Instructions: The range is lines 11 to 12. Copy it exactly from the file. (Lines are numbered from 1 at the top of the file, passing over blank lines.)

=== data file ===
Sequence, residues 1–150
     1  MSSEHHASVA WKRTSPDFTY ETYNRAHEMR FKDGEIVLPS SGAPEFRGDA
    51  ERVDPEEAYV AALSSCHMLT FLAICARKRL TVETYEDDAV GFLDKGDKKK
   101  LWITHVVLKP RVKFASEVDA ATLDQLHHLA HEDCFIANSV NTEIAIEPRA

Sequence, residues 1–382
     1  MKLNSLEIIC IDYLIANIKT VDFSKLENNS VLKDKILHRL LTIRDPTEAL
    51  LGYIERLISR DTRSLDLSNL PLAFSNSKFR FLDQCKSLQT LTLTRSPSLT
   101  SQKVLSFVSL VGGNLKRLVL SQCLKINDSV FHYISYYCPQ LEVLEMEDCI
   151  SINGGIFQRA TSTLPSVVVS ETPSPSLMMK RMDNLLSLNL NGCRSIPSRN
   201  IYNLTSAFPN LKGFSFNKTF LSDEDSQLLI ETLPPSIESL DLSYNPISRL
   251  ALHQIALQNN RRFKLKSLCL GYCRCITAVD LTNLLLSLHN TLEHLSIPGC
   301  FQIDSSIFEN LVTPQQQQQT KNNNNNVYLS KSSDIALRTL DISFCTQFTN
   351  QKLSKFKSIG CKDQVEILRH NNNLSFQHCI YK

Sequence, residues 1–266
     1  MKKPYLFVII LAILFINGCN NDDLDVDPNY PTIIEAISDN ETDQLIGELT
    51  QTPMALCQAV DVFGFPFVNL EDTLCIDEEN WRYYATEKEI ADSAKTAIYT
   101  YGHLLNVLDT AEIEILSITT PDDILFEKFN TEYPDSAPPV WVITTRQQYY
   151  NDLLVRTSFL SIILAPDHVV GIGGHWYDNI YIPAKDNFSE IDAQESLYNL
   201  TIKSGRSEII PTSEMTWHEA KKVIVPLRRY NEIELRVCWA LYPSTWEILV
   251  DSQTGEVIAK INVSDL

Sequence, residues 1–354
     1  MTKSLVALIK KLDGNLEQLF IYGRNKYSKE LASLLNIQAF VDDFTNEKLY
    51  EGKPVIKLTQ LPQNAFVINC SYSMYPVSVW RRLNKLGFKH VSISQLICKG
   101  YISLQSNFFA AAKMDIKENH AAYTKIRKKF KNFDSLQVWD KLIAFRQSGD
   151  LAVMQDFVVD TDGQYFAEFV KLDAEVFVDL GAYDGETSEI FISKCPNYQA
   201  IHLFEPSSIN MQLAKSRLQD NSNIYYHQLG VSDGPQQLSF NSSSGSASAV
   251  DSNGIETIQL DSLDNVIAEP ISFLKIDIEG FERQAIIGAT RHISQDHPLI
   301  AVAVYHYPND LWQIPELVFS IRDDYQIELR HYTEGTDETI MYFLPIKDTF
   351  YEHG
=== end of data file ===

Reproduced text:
   251  ALHQIALQNN RRFKLKSLCL GYCRCITAVD LTNLLLSLHN TLEHLSIPGC
   301  FQIDSSIFEN LVTPQQQQQT KNNNNNVYLS KSSDIALRTL DISFCTQFTN